Bookbinding and the Conservation of Books
A Dictionary of Descriptive Terminology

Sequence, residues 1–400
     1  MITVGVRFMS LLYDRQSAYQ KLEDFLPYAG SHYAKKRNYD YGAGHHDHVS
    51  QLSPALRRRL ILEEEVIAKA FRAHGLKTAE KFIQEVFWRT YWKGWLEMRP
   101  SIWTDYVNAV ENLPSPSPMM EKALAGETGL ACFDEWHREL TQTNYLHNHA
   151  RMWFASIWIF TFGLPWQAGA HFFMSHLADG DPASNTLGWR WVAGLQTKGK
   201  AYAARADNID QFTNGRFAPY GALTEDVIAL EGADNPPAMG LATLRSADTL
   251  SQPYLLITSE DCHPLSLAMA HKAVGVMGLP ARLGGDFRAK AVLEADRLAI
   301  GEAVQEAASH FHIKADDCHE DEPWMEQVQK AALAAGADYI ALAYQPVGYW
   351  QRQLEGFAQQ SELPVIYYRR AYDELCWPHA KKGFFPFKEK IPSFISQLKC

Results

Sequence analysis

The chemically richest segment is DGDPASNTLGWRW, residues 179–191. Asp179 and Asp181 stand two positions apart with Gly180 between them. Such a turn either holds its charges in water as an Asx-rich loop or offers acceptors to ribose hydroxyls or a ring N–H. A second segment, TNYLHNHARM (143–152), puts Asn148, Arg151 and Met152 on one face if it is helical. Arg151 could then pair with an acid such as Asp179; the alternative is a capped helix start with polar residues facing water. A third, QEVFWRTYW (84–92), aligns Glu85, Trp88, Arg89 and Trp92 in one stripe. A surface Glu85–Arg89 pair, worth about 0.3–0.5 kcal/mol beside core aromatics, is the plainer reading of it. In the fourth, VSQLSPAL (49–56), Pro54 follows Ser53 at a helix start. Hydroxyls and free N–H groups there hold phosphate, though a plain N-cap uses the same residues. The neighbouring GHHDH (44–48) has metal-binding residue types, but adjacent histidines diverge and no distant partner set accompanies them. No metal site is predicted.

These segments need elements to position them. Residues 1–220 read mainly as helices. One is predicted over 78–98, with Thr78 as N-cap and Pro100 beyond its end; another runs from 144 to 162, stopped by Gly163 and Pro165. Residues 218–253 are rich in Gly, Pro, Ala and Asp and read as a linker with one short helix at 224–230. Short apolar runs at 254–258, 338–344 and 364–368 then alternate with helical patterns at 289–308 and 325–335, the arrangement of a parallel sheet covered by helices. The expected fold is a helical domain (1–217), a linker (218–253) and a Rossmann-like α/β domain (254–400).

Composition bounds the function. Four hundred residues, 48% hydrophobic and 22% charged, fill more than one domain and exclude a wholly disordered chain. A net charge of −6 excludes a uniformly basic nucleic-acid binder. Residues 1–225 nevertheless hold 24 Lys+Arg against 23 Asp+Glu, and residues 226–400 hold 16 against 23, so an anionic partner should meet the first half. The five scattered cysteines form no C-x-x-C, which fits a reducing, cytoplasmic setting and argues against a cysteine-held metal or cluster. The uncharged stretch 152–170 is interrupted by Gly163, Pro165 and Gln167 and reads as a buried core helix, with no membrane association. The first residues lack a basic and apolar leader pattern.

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An ancient hinged writing tablet consisting of two tablets of wood, ivory or metal, having wax in the hollowed inner surfaces, on which writing could be done with a stylus. The hinges were generally metal rings or thongs threaded through the holes. Near the outer edge on the inside of one tablet as a small trench designed to hold the stylus, which was a small bone or metal instrument pointed at one end for writing and flat at the other end for removing writing in the wax. In the middle of each inner side a small knob protruded to keep the wax surfaces apart. Ordinary diptychs were generally made of beech, fir, or citron wood, but those made for ceremonial use, or for important recipients, were often made of ivory, sometimes beautifully carved, and fitted with gold or jewels. The most lavishly embellished specimens belong to the Byzantine period, 530 to 560. Because they were small enough to hold in one hand, in Latin they were sometimes called "pugillaria." The diptych is interesting because it is both a manuscript and a binding. (12 , 109 , 373 )

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